Malaga is located on the northern shore of the Mediterranean Sea approximate 60 miles east of the Strait of Gibraltar and 80 miles north of Africa. The population is about 800,000 in the metropolitan areas and is the sixth largest city in Spain. Malaga is known as a tourist destination due to its location on the Costa del Sol or Coast of the Sun where they have mild winters, warm summers and 300 days of sunshine a year.
Pablo Picasso, the famous painter and sculptor, was born in Malaga, as was the actor, Antonio Banderas. The family of Pablo Picasso gave the city of Malaga a collection of his paintings that are now housed in a wonderful museum here.
Kent and I took a short panoramic tour of Malaga that took us on a drive through the city to see the highlights before dropping us in town to explore on our own. From high atop the surrounding hillside, we could get a great view out over the city and the harbor. We drove by the bullring that is still in use today; and yes, someone still has to die in the bullfight (man or bull).
Malaga is a city of contrasts, with both old historic buildings with beautiful wrought iron railings situated next to sleek modern buildings. The old historic district is mostly pedestrian only and the charming meandering streets are filled with shops and eating establishments. Most are small unique shops rather than the major worldwide brands you find in every city around the world today.
We visited the Carmen Thyssen Museum housed in a beautiful 16th-century city palace. The collection focuses on Spanish artists of the 19th and early 20th-century. The collection of paintings, depicting everyday life and landscapes, were very impressive. The museum is very modern, beautifully clean, and well illuminated and the art was well presented.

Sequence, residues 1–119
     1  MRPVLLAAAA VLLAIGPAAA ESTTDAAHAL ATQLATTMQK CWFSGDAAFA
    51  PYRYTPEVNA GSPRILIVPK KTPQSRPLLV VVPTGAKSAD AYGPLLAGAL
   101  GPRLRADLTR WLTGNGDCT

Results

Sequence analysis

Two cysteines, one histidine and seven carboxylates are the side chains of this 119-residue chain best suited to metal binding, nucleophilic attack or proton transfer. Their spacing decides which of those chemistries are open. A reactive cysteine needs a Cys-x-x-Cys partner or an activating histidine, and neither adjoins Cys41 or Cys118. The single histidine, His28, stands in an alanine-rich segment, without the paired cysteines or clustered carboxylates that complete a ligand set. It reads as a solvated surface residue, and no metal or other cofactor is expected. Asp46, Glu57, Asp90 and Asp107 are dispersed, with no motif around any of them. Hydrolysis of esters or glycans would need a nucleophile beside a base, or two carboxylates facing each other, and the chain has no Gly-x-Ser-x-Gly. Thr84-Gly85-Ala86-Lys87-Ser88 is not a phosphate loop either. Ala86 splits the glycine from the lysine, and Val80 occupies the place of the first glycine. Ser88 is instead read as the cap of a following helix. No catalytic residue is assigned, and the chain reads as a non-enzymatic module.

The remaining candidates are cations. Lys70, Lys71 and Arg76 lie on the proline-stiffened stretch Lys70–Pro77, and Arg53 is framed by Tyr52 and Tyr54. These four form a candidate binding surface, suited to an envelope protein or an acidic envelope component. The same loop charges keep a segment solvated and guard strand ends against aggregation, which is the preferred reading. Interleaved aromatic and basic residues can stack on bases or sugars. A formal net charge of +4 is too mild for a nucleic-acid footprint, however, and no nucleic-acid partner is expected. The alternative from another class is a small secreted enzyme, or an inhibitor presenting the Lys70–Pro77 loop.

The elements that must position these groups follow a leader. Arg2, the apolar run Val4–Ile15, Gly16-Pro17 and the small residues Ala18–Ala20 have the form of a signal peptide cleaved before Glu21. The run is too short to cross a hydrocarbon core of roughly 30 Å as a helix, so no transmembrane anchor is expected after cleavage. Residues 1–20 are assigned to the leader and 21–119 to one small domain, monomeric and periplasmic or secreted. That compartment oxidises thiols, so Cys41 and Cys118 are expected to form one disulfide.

We stopped for lunch at a small bar in the old historic district where we had fried calamari, ham and cheese croquettes and shrimp in a dish of garlic oil with bread. Most of the tapas items on the menu were priced at four to six euros per plate. Soft drinks were considerably less at one-euro-fifty, compared with three euros in Amsterdam and Rotterdam. Still the size of the bottles is considerably smaller than you would find in the US.
We wandered along the botanical gardens with lush tropical landscapes, shady paths and ornamental fountains before exploring the beach. In 1972, Kent had studied Spanish and lived with three old ladies in some part of Malaga close to the beach. He wanted to find things that looked familiar. Unfortunately, many things have changed since then, including his memory, so nothing much seemed familiar to him except the bullring. He was happy to visit Malaga again and to relive those old times, including playing the castanets!
The evening entertainment was a gentleman by the name of Naki Ataman who is a wonderful pianist. He takes you on a tour of 19 countries through a visual slide presentation accompanied by him playing the piano non-stop for one-hour.